And sometimes, it was fun. I made friends with my co-workers. We were part of an exclusive club, and the back-breaking work we did brought us together. Serving wings and pouring beer wasn’t rocket science, but it was the most physical work I’ve ever done. On weekends and holidays, the restaurant was full. That meant waitresses were running for seven hours straight.
Working double shifts was rare for me, but my co-workers regularly worked 12-14 hours out of necessity. Many were single mothers for whom Hooters wasn’t a college side job the way it was for me. It was honest, hard work that paid their bills. While I was worried about getting good tips to spend with friends on a Friday night, others worried about survival — making rent and feeding their children.
My co-workers and I also became comrades out of our collective frustration with “regulars.” We nicknamed one regular “Jesus” because he evangelised in between sips of Arnold Palmers. He thought that giving me a copy of “The Purpose Driven Life” one day and chocolate-covered strawberries the next canceled each other out.
Regulars appeared to choose their favourites based on which waitresses they found most attractive, and paid them the most attention (and tips). How much attention a waitress got typically coincided with who was willing to spend inordinate amounts of time and energy talking to the customers. Since small talk has never been my forte, I didn’t have many regulars. I was happy to be kind and courteous to my customers, but my relationship with them was strictly transactional. Anything beyond that felt fake and forced.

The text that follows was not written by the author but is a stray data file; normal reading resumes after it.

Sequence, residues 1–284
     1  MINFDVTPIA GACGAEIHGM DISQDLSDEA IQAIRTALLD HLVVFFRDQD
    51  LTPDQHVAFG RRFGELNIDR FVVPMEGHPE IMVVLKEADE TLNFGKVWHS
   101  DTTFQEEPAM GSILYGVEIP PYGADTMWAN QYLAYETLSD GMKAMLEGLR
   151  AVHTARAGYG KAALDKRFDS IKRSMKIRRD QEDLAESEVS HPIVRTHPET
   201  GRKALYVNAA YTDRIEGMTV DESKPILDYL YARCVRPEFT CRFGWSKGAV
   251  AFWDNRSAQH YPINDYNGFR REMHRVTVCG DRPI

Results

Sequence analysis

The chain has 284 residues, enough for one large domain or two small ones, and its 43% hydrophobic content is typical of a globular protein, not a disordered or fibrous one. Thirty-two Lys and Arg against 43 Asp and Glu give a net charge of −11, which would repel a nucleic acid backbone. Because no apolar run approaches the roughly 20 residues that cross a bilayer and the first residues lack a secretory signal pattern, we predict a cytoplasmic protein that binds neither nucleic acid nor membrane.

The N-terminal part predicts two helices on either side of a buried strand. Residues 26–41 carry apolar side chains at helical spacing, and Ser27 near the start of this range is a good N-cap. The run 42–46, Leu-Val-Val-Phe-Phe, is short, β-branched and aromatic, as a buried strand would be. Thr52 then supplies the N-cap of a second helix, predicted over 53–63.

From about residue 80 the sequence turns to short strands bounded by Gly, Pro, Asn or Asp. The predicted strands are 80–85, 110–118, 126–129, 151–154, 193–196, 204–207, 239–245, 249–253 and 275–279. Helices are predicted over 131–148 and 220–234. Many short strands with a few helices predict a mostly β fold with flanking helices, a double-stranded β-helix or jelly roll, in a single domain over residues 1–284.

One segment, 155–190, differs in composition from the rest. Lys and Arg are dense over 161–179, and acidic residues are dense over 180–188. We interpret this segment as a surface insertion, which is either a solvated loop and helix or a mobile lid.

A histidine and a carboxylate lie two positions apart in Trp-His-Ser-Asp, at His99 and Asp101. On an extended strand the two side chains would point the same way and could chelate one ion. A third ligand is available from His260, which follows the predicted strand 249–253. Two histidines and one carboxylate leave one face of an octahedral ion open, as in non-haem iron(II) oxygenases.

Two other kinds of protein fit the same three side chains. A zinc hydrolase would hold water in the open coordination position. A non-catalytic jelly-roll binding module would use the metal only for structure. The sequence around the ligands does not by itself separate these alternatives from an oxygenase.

It was impossible to be friends with customers because a palpable power imbalance undercut our interactions. The mere fact that some were there seemed to make them feel superior, as if Hooters was a misogynistic safe haven where they no longer had to feign respect for women. The way they peered down at me from their stools, distilling me down to an object of their male gaze and sizing me up, made me feel like I was under near-constant physical scrutiny. Being in the restaurant empowered them to gawk at me, dole out unprovoked sexual advances with impunity, and weigh in with unsolicited assessments of my looks and intellect.
I once waited on a table of four men, all of whom looked like people you might see standing puffy-chested behind Donald Trump’s podium at a MAGA rally. As I cleared their table, one grabbed my arm and said with a smirk: “We have a question about our bill, but I doubt you can handle basic math.”
His words didn’t hit me as hard as his callous stare did. The way he looked through me as he delivered the verbal blow made it clear it wasn’t an ignorant joke or off-handed remark; he meant to hurt me, cut me down and demean me. But if he hoped to stir up sadness, he failed. All that sat beneath the surface of my stunned silence was rage.